The Sustainability Imperative

As organizations struggle to define a strategy that balances purpose and profit, opportunities are increasingly emerging to take the lead in sustainability initiatives. Front-line advances in areas such as net-zero emissions, AI-powered solutions for the underserved, precision agriculture, digital healthcare, and more are delivering business benefits, while simultaneously contributing to the realization of the UN’s 17 SDGs. We provide the expert thinking, debate, and guidance to help your organization reposition and transform in the era of sustainability.

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An often-overlooked aspect in the global discussion about sustainability when it comes to information and communications technology is how software can be created and deployed to mitigate a company’s environmental footprint. This Advisor looks at Mobile and Web apps to see what we can do to create a more positive environmental impact.
The ability to monitor and authenticate is crucial for providing credibility to many sustainability efforts. The use of technology (e.g., blockchain, satellite imagery) to monitor and verify activities provides a method of ensuring accountability for actions, both good and bad. This issue of Cutter Business Technology Journal explores the ways technology can be used to monitor and improve the sustainability of a wide range of processes, industrial and otherwise.
How powerful are today’s artificial intelligence (AI) solutions, and which areas are showing the most promise? This Advisor explores how AI can help the environment through the achievement of the United Nations Sustainable Development Goals, the enormous potential for AI in patient care, and provides additional examples of how AI is impacting everyday life.
Cloud-based carbon intelligence platforms can help companies track, measure, and model their CO2 emissions — including providing the ability to integrate and analyze carbon emissions data acquired from across their supply chains — and chart the progress of their overall sustainability initiatives. This Advisor explores some of the new products on the market utilizing distributed ledger technologies to support carbon intelligence platforms.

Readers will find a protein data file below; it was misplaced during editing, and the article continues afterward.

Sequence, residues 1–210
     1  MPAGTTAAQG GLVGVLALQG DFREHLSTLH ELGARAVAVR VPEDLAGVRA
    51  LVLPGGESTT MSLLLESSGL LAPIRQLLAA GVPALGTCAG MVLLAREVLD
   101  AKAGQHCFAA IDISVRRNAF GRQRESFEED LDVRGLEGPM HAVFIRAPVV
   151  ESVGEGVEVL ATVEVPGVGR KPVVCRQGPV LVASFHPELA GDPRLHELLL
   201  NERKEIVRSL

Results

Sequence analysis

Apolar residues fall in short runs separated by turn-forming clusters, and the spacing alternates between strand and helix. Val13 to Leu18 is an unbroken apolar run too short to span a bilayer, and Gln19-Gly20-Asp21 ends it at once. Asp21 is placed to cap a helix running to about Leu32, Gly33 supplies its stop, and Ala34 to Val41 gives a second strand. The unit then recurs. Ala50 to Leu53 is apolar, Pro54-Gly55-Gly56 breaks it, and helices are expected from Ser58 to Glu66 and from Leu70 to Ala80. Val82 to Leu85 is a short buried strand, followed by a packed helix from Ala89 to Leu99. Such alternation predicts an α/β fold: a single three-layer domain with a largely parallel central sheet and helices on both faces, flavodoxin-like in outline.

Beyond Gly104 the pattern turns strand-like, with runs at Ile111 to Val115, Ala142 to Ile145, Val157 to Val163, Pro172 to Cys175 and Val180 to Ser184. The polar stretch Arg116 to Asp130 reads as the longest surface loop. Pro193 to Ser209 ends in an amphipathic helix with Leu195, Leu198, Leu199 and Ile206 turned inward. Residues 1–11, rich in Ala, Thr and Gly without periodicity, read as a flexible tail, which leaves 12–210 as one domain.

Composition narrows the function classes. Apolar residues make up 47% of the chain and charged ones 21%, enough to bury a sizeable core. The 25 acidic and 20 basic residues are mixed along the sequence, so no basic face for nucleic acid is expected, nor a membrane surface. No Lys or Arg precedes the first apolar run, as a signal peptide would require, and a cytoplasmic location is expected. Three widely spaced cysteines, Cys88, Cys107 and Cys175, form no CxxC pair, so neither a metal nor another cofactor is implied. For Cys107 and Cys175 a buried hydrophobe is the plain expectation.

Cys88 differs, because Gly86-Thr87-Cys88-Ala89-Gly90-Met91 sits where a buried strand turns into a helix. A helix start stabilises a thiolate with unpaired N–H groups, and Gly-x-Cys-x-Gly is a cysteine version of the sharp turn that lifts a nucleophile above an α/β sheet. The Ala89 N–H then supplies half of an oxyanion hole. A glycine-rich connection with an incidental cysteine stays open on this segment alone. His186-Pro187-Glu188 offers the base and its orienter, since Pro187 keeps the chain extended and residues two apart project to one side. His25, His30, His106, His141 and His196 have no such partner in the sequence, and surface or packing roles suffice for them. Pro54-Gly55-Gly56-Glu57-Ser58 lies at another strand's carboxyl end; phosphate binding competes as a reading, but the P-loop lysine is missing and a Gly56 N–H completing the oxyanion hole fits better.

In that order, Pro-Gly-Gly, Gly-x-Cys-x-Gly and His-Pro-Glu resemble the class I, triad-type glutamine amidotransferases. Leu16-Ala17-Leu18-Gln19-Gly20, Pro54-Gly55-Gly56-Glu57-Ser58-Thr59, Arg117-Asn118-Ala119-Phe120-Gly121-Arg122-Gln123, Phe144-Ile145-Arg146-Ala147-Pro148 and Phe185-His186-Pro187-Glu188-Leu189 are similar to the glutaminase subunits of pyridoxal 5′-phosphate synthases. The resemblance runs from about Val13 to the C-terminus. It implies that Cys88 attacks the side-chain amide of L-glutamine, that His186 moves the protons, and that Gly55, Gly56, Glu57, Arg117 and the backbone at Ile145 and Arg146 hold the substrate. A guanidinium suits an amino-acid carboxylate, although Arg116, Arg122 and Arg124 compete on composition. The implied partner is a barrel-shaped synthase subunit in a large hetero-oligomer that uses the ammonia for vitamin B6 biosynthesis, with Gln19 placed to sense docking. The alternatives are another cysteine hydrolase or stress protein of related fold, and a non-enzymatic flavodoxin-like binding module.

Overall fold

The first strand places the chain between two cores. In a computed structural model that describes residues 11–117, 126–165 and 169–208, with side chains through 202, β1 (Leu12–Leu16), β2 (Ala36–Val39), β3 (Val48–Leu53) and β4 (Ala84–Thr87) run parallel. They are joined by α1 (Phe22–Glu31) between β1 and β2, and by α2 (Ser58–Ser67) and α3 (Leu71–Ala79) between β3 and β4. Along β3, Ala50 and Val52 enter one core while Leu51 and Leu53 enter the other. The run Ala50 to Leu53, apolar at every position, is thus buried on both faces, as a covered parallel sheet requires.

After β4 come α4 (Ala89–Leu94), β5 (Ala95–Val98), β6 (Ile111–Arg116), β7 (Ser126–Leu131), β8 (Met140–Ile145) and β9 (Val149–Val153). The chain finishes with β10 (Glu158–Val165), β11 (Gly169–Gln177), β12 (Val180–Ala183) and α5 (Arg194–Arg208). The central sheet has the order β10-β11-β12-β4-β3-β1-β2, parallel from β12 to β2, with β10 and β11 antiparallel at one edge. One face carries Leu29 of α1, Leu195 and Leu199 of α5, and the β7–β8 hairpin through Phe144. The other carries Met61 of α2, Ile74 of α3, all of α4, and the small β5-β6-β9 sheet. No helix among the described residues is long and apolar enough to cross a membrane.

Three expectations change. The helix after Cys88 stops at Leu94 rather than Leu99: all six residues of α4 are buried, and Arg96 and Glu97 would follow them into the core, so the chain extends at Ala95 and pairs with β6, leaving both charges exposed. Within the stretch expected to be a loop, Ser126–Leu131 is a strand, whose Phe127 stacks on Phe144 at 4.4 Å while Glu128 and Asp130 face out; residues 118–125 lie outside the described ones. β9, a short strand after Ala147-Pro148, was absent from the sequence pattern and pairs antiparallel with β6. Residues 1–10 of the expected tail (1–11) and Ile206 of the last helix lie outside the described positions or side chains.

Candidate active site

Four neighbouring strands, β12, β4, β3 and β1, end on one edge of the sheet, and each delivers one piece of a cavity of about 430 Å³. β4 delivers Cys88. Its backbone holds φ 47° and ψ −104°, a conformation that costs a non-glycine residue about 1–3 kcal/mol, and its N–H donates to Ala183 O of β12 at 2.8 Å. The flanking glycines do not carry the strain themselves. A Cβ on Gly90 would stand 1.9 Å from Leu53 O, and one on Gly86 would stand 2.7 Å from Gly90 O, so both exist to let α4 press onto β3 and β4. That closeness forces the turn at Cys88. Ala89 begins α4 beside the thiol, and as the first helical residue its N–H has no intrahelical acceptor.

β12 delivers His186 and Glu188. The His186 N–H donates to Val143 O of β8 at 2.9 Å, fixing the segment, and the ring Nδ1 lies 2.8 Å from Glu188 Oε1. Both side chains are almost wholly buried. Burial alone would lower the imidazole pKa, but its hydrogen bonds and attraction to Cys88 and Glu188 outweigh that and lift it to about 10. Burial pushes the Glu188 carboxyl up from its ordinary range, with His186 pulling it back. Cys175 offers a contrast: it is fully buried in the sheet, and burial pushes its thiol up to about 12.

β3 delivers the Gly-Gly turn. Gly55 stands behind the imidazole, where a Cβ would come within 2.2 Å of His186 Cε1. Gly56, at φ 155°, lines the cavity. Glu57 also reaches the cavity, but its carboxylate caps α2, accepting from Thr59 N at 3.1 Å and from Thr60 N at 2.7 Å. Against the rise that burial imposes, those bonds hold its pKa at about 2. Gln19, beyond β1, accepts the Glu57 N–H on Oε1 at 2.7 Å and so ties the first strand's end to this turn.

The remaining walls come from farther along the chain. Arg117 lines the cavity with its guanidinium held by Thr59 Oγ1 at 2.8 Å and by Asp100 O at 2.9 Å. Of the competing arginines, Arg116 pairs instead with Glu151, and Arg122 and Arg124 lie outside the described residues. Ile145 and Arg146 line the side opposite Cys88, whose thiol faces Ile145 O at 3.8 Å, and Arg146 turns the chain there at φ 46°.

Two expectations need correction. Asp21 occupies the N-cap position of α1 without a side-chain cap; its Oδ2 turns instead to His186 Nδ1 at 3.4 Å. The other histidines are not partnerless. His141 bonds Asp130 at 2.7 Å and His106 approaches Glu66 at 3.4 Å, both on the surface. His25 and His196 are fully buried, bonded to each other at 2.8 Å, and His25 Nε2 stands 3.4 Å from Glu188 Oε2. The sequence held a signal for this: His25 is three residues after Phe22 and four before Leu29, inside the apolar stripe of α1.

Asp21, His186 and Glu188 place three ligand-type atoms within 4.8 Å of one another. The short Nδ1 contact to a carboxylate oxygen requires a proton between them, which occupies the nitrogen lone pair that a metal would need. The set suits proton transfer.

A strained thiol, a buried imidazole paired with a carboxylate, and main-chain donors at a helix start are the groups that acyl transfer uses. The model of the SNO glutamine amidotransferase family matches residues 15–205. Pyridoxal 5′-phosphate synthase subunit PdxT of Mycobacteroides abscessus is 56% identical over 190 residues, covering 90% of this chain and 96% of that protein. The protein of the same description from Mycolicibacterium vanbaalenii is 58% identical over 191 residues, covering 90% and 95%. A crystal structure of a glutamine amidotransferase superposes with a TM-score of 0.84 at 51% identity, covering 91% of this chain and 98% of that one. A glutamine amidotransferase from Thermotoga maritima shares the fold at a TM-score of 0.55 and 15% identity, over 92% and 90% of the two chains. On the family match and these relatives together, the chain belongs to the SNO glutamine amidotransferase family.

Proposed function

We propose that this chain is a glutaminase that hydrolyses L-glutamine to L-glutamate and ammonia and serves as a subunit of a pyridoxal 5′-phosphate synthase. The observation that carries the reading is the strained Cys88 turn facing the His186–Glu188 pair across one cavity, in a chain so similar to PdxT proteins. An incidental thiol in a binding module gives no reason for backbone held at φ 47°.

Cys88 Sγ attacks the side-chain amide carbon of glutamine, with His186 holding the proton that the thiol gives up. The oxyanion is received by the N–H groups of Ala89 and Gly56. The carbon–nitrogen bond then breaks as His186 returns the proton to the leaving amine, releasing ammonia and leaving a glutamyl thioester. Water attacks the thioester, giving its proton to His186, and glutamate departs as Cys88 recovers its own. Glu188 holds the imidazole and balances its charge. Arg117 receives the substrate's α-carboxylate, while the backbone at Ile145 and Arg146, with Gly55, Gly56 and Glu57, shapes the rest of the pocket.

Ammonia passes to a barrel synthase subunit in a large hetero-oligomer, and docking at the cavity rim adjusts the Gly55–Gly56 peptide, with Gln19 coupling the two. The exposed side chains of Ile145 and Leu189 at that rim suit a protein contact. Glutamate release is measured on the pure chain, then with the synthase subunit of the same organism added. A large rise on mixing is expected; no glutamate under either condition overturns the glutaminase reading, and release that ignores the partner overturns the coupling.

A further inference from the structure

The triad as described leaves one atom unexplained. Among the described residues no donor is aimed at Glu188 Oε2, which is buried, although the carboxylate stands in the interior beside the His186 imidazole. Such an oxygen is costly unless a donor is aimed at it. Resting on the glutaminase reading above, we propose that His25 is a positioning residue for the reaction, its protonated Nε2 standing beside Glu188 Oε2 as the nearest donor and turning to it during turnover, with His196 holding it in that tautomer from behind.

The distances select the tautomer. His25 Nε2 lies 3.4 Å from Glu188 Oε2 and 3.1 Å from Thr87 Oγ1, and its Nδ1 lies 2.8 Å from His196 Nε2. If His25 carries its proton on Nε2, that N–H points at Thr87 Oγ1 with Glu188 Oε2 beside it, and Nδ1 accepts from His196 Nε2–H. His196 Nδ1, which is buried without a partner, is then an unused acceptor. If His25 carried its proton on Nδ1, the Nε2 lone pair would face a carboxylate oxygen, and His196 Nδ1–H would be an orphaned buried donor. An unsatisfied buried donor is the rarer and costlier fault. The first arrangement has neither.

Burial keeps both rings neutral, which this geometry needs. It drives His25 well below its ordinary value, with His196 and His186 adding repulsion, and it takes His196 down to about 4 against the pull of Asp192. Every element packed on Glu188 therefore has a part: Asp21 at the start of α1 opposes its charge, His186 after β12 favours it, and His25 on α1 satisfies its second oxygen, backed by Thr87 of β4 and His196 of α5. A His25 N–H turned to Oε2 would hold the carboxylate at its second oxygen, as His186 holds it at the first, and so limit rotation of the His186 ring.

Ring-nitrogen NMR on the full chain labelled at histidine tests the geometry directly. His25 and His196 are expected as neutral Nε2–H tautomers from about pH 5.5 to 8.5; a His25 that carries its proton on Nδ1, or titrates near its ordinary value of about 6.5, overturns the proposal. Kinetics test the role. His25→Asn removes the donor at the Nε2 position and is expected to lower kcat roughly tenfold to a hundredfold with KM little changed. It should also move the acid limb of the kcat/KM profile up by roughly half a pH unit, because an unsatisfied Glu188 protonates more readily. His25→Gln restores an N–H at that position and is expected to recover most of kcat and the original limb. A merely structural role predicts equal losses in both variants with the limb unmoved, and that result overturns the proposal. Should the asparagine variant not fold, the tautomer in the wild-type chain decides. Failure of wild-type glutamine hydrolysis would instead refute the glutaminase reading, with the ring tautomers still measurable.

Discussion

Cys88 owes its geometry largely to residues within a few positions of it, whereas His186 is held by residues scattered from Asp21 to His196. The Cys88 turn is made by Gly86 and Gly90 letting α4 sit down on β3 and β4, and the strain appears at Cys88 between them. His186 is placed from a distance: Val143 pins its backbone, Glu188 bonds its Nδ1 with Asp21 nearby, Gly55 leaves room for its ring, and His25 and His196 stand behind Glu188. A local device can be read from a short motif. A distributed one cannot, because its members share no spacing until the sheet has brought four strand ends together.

Cutter Consortium Senior Consultant Helen Pukszta explores the use of drones for sustainability. From the critical application of precision agriculture to whimsical light shows, drones not only provide new functionality, they do so with a low carbon footprint. In precision agriculture, we see again that the data collection capability of drones coupled with sophisticated optimization algorithms can help farmers use natural resources more efficiently. In an unusual application that most would not think of, Pukszta goes on to illuminate the unintended environmental consequences of fireworks and the benefits of using drones for light shows.
We continue the trend of the last CBTJ issue with an interview of a top-notch expert whose company is helping to make great strides toward sustainability. Cutter Consortium Fellow Lou Mazzucchelli talks with Carlos Silva of Pachama, a company that uses satellite imagery and ML to measure the carbon captured by forests and how it evolves over time. This measurement allows us to determine whether a carbon credit that is traded on an exchange represents a “real” reduction in emissions. The verifiability and accuracy of such measurements form the foundation for robust carbon markets. Silva explains how the technology works to ensure the integrity of forest carbon credits.
Cutter Consortium Senior Consultant San Murugesan provides a broad overview of the many areas where we can use IoT to improve environmental sustainability, from energy management to food waste reduction. He explains that “the power of IoT lies in its efficiency, accessibility and controllability, and scalability in connecting disparate, distributed devices and appliances.” Many of the applications Murugesan describes rely on sensors to collect data in settings where previously it would have been prohibitively expensive or infeasible. These sensors then feed information to data analytics software that can optimize decisions. His article gives us a sense of how pervasive IoT already is, and how much potential it still has.
As artificial intelligence (AI) and machine learning (ML) gain attention for their potential to tackle the environmental challenges posed by climate change, their requirement of heterogeneous data takes center stage. This Advisor addresses the fact that while heterogeneous data plays a critical role in the use of AI and ML to combat climate change, there is a dual side that is not environmentally friendly.